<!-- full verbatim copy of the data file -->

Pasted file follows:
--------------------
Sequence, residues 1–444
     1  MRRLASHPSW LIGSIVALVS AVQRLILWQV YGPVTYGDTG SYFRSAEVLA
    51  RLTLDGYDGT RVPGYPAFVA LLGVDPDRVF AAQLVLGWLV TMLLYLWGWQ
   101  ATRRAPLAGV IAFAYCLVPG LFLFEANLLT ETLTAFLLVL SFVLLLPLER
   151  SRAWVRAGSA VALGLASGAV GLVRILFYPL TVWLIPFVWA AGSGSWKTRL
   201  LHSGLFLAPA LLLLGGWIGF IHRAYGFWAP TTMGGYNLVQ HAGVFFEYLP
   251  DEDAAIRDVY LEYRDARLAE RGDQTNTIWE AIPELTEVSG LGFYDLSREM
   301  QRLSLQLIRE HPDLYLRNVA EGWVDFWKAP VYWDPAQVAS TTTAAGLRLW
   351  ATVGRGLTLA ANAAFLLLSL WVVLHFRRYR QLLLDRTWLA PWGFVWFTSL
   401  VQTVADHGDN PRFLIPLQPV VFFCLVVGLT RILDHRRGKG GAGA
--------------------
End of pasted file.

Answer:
Sequence, residues 1–444
     1  MRRLASHPSW LIGSIVALVS AVQRLILWQV YGPVTYGDTG SYFRSAEVLA
    51  RLTLDGYDGT RVPGYPAFVA LLGVDPDRVF AAQLVLGWLV TMLLYLWGWQ
   101  ATRRAPLAGV IAFAYCLVPG LFLFEANLLT ETLTAFLLVL SFVLLLPLER
   151  SRAWVRAGSA VALGLASGAV GLVRILFYPL TVWLIPFVWA AGSGSWKTRL
   201  LHSGLFLAPA LLLLGGWIGF IHRAYGFWAP TTMGGYNLVQ HAGVFFEYLP
   251  DEDAAIRDVY LEYRDARLAE RGDQTNTIWE AIPELTEVSG LGFYDLSREM
   301  QRLSLQLIRE HPDLYLRNVA EGWVDFWKAP VYWDPAQVAS TTTAAGLRLW
   351  ATVGRGLTLA ANAAFLLLSL WVVLHFRRYR QLLLDRTWLA PWGFVWFTSL
   401  VQTVADHGDN PRFLIPLQPV VFFCLVVGLT RILDHRRGKG GAGA